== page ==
Venture capital firm Sequoia Capital tweeted out a letter sent to its partners on Nov. 10 revealing the firm had marked its $213.5 million investments in FTX and FTX US down to $0, claiming them as a complete loss.
The letter said that the crisis facing FTX has “created a solvency risk” but claimed its exposure to the exchange is “limited” in its Global Growth Fund III, where its cost basis for the FTX portion of the fund totaled $150 million.
Here is the note we sent to our LPs in GGFIII regarding FTX. pic.twitter.com/Cgp1Yxk1pz— Sequoia Capital (@sequoia) November 10, 2022
Sequoia also reassured its partners that the writing off of FTX wouldn’t have a detrimental impact on the fund, saying it accounted for less than 3% of the capital committed to it, adding:
“The $150M loss is offset by ~$7.5B in realized and unrealized gains in the same fund, so the fund remains in good shape.”
The venture capital firm also reported having invested $63.5 million into FTX and FTX US from its Sequoia Capital Global Equities Fund. However, the holdings represented less than 1% of the entire portfolio.
Sequoia’s investments into the now cash-strapped cryptocurrency exchange came as part of FTX’s $900 million Series B investment round in July 2021 — which was the largest crypto investment ever recorded at the time.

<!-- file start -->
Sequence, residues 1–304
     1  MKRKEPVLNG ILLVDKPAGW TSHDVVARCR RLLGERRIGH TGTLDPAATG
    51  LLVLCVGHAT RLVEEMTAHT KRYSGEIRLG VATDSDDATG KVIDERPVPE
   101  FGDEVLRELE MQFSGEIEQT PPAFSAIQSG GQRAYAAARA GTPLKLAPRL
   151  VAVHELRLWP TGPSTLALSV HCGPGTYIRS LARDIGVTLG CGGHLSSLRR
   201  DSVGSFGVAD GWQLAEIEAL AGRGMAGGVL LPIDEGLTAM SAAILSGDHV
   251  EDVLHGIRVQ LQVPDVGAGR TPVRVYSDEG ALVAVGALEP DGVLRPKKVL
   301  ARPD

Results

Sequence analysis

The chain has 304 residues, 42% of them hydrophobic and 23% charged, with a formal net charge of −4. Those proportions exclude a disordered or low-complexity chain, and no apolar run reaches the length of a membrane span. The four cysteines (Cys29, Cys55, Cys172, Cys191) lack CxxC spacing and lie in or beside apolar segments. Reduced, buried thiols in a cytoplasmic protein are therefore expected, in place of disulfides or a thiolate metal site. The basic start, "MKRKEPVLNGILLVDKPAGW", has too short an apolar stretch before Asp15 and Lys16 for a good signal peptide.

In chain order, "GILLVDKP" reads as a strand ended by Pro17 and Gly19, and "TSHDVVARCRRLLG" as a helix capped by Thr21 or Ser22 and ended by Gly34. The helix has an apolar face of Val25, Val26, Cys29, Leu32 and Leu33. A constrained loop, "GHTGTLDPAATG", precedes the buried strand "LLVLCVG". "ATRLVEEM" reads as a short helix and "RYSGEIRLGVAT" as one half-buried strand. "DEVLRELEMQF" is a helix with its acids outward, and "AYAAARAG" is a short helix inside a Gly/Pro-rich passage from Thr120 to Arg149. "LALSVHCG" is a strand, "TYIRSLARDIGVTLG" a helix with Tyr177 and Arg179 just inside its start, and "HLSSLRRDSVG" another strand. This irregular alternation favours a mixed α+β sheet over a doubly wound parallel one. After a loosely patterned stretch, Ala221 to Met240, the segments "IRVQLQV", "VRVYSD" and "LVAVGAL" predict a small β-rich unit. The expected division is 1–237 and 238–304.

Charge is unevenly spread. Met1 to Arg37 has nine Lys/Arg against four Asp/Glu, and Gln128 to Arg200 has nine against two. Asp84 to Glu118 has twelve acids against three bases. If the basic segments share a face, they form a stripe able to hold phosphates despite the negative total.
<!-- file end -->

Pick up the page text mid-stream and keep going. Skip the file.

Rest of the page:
As for the investment decision, Sequoia reassured its partners that it extensively researches each and every investment with thorough diligence, and FTX was no different:
“At the time of our investment in FTX, we ran a rigorous due diligence process. In 2021, the year of our investment, FTX generated approximately $1B in revenue and more than $250M in operating income.”
“We are in the business of taking risk. Some investments will surprise to the upside, and some will surprise to the downside,” the letter explained.
Sequoia added that it would communicate its next movements to its partners when more information becomes available.
Sequoia Capital currently has about $85 billion of assets under management and has previously made early investments in tech giants Apple and Google and, more recently, Airbnb.